I calculated the best place to stand in order to see rainbow colours in the water spray. Spherical geometry, trigonometry and knowledge of the refractive index of water all played a part. Really? No, I just stood with the Sun behind me, that worked.
We were delighted to see our hotel bedecked in bunting for Her Majesty’s Platinum Jubilee. Nope, it was for America’s Memorial Day this weekend. Monica was back from work now, and we walked over to a restaurant called Salt for dinner. Several of Monica’s colleagues joined us: Ellen, Sarah (from the UK), James and there I’m afraid my memory runs out. James’s partner is one of a set of identical triplets. By an amazing coincidence, Monica has met with another identical triplet, from a different family, all interested in the field of restoration and preservation
Thinking I might have dessert, I had a so-called starter as my main course, a salad in fact. But: American portions, no dessert for me.
It had been a busy old day, lovely to meet some new people of course, but I was glad to find myself horizontal in bed, with no desire to read nor listen to a podcast. Zzz.
Next door to our hotel is The Sandpiper, probably so-called because of the ravens that have taken up residence here. This is where we broke our fast before another day of sightseeing.
I think Liesel and I very quickly came to realise how much we liked Juneau. And how we would like to spend more time here. But the weather was gorgeous, warm and sunny on this occasion. It’s famous for its rain and occasional very strong winds, I wonder if we’d be so keen in such conditions? I commented on how nice it was not to see the the usual suspects, McDonalds and Starbucks, anywhere. Liesel said she had seen a McD, but it was much closer to the airport.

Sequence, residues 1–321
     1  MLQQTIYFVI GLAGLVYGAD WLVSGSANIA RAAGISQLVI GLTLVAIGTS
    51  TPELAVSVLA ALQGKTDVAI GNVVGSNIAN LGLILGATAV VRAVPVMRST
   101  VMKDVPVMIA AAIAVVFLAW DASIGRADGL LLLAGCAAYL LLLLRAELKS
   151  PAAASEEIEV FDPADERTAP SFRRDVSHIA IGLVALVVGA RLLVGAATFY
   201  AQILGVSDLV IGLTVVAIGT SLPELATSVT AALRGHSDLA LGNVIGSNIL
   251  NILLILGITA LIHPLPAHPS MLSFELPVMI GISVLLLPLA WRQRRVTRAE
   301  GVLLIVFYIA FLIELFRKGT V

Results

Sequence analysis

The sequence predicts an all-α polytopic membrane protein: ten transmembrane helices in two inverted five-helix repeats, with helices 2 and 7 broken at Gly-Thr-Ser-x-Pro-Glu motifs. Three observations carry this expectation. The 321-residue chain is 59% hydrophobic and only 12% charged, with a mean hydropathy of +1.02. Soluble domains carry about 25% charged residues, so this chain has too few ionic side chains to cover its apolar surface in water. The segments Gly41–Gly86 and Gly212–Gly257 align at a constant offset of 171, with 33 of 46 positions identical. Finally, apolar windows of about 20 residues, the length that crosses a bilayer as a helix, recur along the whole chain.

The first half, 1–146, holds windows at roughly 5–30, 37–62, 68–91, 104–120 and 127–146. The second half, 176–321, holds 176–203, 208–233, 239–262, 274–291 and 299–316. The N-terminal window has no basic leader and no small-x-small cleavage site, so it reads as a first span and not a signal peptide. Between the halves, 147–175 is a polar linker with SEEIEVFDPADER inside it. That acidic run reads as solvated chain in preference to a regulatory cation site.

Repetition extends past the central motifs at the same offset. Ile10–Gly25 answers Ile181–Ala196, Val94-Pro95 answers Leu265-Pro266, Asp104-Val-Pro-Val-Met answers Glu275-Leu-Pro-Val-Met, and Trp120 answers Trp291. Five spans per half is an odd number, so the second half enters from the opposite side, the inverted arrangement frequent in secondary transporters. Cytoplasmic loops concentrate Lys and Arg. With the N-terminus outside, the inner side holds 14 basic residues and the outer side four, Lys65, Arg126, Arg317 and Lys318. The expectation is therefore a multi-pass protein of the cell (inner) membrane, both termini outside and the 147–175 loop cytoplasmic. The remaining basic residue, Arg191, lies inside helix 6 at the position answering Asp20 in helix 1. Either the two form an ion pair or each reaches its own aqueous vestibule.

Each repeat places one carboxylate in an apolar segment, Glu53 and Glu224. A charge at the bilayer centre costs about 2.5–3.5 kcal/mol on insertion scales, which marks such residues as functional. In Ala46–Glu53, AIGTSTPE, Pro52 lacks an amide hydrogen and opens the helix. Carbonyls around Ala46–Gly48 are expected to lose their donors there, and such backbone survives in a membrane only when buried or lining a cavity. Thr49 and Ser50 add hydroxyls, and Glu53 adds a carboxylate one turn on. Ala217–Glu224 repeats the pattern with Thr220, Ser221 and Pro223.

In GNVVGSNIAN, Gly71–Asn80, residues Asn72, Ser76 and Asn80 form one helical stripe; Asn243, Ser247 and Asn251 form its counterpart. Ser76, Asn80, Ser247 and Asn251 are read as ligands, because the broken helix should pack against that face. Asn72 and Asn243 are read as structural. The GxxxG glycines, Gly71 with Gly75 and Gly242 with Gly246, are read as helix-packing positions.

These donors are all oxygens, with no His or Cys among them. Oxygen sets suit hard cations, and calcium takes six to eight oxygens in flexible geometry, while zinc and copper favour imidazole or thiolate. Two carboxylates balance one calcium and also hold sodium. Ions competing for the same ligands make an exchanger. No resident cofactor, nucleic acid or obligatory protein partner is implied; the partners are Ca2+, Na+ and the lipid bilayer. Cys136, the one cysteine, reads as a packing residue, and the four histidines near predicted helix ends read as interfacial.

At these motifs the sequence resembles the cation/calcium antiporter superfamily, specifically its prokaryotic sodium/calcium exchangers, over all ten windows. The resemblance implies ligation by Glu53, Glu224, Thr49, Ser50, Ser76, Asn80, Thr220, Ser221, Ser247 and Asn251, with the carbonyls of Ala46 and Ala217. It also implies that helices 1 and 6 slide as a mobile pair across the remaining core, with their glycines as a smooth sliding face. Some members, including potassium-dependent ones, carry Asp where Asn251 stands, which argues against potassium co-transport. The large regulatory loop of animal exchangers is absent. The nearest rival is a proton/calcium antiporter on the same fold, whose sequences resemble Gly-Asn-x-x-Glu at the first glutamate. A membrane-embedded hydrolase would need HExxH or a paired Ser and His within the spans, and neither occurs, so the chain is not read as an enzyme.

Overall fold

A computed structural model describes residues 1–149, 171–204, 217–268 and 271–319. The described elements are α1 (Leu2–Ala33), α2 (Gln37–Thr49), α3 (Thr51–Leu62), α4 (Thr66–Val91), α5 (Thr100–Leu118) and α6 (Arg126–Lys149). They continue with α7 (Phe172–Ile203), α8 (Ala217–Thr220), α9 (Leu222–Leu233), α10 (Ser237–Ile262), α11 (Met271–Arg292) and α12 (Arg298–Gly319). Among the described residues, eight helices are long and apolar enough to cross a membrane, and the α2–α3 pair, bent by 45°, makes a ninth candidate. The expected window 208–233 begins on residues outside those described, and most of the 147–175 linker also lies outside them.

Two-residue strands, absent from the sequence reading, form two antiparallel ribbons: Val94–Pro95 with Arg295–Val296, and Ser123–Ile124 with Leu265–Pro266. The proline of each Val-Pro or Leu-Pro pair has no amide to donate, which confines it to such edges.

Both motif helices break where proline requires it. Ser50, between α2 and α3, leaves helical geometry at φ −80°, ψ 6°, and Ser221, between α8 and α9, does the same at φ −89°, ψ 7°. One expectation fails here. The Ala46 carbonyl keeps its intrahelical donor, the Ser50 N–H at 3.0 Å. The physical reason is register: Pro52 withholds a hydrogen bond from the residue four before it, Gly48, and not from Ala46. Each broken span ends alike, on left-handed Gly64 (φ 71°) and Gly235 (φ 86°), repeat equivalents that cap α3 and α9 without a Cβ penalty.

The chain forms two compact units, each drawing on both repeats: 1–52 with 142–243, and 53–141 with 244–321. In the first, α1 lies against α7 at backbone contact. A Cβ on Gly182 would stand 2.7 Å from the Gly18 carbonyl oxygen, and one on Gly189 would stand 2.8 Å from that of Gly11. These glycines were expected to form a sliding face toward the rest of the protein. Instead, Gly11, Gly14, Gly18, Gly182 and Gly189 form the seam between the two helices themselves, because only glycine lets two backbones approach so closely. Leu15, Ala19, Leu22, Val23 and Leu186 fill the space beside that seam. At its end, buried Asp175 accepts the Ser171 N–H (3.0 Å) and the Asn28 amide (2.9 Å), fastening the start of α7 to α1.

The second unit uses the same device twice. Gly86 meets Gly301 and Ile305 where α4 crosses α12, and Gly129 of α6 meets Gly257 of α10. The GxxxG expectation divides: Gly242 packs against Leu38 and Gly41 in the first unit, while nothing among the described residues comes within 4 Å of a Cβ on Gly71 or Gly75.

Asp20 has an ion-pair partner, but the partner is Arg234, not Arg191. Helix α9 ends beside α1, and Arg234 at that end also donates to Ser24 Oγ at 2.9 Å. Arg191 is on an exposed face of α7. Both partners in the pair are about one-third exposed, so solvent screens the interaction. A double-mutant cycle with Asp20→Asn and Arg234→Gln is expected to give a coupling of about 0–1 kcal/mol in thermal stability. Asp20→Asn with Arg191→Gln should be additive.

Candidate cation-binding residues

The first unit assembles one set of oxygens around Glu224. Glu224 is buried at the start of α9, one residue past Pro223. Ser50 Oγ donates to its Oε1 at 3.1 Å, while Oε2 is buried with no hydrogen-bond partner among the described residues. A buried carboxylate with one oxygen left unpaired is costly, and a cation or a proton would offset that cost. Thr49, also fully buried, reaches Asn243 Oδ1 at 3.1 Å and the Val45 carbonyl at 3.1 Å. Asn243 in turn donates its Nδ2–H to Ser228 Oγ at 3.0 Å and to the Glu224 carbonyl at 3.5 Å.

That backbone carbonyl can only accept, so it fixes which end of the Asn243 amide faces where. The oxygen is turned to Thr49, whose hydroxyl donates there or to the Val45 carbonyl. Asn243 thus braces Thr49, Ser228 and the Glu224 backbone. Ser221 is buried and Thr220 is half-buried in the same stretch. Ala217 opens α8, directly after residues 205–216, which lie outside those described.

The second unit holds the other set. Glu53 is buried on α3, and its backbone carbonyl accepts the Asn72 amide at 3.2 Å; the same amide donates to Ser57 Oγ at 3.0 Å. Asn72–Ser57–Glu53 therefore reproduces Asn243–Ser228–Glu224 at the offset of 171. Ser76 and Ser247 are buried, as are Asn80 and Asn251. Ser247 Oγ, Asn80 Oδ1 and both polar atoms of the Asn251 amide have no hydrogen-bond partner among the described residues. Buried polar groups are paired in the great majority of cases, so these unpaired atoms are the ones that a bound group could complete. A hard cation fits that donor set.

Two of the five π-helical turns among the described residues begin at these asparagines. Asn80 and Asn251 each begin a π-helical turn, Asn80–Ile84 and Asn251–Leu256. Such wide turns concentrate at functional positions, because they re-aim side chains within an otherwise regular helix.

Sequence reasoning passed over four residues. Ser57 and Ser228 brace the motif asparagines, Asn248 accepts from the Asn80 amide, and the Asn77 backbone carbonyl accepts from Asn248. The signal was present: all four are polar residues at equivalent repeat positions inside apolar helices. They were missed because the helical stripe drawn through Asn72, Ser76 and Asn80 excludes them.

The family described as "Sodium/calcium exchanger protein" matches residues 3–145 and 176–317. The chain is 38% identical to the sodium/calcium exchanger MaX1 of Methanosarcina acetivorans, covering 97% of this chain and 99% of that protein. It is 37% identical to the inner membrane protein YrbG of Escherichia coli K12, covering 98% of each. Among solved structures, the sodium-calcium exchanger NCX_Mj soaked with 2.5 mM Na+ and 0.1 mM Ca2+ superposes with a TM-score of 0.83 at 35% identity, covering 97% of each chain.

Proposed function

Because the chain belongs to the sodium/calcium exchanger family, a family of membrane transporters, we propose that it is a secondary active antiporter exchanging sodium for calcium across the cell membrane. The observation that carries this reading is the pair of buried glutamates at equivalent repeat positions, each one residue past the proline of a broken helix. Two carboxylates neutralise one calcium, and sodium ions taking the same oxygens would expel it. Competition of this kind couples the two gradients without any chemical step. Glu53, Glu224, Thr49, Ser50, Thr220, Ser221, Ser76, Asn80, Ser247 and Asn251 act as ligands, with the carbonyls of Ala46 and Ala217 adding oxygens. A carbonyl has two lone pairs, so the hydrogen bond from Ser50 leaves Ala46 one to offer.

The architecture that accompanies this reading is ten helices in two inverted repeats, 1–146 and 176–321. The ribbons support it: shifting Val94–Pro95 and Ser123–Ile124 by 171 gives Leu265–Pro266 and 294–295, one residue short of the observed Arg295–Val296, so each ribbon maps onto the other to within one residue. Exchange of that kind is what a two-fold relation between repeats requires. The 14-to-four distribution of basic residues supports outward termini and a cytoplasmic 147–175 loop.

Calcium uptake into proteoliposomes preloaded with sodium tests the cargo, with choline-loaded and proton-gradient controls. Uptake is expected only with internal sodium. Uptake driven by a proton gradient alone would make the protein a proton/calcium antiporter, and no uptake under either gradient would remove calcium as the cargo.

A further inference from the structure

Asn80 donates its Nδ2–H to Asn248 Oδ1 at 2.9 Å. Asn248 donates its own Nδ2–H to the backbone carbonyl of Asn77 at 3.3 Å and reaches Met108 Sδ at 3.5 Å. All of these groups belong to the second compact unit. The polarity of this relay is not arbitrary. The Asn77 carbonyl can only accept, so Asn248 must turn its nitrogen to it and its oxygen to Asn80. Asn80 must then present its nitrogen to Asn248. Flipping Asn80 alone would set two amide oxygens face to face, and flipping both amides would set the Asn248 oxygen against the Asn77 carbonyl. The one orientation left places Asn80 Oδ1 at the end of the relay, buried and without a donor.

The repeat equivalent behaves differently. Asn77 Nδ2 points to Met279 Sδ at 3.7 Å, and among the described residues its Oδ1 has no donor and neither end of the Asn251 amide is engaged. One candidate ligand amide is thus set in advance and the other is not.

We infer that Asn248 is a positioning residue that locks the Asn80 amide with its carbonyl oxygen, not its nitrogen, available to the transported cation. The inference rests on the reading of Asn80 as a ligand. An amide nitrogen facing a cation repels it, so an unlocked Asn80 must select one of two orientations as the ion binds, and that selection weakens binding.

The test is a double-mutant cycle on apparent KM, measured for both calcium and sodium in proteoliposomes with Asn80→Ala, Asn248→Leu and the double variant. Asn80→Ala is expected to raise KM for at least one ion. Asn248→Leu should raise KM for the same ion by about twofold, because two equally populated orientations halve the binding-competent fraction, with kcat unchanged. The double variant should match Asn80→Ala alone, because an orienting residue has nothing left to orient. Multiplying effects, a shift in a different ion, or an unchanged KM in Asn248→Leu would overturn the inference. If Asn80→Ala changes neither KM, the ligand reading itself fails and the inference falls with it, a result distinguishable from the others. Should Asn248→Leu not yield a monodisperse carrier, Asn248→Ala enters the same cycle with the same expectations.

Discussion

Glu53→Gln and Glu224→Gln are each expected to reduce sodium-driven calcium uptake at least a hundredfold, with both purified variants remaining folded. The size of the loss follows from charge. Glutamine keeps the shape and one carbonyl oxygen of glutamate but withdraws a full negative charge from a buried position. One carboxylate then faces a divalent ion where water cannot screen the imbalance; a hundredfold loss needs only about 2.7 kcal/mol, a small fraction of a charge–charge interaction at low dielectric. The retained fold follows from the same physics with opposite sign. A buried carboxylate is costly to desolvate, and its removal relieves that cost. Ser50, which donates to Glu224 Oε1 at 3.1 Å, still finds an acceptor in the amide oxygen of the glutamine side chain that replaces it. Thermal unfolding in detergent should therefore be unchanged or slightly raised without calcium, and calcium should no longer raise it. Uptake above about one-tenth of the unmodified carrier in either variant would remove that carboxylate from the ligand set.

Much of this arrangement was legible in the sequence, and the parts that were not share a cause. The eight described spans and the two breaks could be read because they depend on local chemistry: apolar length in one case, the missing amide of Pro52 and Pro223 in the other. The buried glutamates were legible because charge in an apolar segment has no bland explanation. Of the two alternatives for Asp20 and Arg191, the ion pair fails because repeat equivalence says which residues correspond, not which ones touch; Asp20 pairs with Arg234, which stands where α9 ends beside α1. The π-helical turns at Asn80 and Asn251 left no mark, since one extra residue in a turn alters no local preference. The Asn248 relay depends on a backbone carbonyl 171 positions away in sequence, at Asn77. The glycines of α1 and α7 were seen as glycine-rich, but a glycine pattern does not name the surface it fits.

Impulse buying doesn’t only apply in supermarkets, when you grab a bar of chocolate at the check-out desk. Native gift shops are quite attractive too. There’s a lot here that we couldn’t buy, because we can’t take it out of Alaska, or into the UK, such as seal fur, walrus and mammoth ivory. But that didn’t stop Liesel buying a pair of earrings. Or me buying a tie. Yes. me, Mick, bought a new tie for the first time since I had long hair and a full beard. What on earth is going on?
Monica drove us to Jensen-Olsen Arboretum, where we enjoyed looking at and sniffing the flowers. Plus, a quick walk on the beach.
A short drive away is the Shrine of St Thérèse. For someone who only lived to the age of 24, she seems like a good sort, and is very popular. The shrine did bring back a memory that I long ago buried though. When my Mum was dying, I wondered whether, as a lapsed Catholic, she might take some comfort from being visited by a priest. When I suggested this to Dad, the look of horror, fear, defiance, even hatred, on his face, told me that that was never going to happen. So sad.